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More on How Globalization Makes Us Healthier

In my latest column for AIER, I go into more depth on why it’s utterly misguided to conclude from the COVID-19 pandemic that Americans should reject – or even become more skeptical of – globalization. A slice:

First, to be useful, creative capacity must be tapped. By making more abundant in America goods and services not conventionally thought of as health-care related, free trade increases both the practical ability and the incentives for more Americans to devote time to supplying health care and to doing medical research. Because trade increases the abundance in America of the likes of food, clothing, building materials, fuel, and automobiles, trade reduces the number of Americans who work to produce these non-health-care outputs. Larger amounts of American creativity and effort are thus made available for tasks directly connected to health-care.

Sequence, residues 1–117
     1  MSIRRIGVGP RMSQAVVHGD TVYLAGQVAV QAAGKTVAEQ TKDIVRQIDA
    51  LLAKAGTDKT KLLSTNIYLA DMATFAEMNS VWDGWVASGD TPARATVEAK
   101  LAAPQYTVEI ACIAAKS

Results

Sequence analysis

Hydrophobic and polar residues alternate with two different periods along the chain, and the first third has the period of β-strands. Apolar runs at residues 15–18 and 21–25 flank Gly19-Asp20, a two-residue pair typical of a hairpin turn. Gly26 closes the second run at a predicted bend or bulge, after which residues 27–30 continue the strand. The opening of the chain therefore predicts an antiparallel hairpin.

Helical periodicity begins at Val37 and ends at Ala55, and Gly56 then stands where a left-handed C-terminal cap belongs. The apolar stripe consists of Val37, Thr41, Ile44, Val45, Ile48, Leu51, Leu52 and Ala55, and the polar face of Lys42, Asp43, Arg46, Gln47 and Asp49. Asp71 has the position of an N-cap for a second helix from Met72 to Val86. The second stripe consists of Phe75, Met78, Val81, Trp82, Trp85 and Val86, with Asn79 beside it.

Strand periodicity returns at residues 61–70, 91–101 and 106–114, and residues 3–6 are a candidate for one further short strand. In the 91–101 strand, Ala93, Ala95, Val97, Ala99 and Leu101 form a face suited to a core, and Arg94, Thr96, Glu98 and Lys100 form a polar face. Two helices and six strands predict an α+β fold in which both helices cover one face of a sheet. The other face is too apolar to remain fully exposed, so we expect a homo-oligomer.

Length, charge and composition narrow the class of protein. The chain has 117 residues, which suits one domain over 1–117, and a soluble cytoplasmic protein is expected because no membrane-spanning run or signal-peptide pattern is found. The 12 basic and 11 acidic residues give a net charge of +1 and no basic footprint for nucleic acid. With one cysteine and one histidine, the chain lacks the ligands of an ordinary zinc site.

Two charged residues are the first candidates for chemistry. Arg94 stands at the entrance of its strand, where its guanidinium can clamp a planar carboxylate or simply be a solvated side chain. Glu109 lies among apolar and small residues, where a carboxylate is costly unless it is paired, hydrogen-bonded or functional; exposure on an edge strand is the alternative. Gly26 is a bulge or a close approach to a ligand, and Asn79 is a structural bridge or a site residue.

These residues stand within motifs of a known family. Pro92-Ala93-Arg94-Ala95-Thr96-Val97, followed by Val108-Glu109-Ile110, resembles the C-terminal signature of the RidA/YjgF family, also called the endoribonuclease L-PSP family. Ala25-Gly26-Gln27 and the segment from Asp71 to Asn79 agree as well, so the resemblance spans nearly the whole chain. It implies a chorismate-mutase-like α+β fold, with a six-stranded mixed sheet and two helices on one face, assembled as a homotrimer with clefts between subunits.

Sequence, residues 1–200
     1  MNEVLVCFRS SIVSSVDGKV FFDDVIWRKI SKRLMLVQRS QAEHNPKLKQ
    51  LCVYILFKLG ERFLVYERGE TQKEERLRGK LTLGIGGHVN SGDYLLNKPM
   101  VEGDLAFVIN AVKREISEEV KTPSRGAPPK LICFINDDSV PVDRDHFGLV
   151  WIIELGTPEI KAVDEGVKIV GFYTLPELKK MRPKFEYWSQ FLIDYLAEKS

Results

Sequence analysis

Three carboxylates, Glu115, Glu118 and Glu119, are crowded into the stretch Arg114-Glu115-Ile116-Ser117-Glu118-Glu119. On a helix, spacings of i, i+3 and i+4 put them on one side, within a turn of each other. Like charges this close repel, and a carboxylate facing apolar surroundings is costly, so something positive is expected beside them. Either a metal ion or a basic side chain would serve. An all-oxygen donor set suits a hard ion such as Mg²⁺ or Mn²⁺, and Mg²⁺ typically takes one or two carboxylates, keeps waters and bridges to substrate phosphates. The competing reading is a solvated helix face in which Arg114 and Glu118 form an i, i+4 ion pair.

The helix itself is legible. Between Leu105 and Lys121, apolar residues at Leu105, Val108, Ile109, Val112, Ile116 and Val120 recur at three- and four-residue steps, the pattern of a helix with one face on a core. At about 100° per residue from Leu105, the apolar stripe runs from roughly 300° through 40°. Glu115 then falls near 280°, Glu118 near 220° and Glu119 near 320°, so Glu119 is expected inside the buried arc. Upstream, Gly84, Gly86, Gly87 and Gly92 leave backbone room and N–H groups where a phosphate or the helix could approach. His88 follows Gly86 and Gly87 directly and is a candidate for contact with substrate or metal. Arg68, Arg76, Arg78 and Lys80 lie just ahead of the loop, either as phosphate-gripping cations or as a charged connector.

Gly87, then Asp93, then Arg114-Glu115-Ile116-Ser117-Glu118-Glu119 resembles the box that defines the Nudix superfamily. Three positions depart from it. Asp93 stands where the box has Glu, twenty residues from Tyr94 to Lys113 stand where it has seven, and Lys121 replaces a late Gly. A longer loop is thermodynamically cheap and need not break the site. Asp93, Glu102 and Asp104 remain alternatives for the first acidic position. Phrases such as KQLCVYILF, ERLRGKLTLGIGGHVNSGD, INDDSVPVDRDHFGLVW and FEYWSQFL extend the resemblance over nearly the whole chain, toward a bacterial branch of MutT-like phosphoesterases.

Second and relatedly, even the most creative medical geniuses require for their practical success proper equipment and supplies. Medical researchers need tools and inputs such as test tubes, flasks, microscopes, chemicals, syringes, gloves, bandages, computer hardware and software, and even desks and other pieces of office furniture.

The innovativeness and effort necessary to produce these items in high-enough quality – and to deliver these items reliably to labs and hospitals – might not be specific to medical research. But without such innovativeness and effort, even the most driven and inspired medical-research geniuses would produce very few, if any, medical breakthroughs. And so because the freer is trade the greater is the supply in the U.S. of the many different tools and inputs used in American medical-research facilities, the freer is trade the faster, more swollen, and more steady is the stream of American health-care innovation.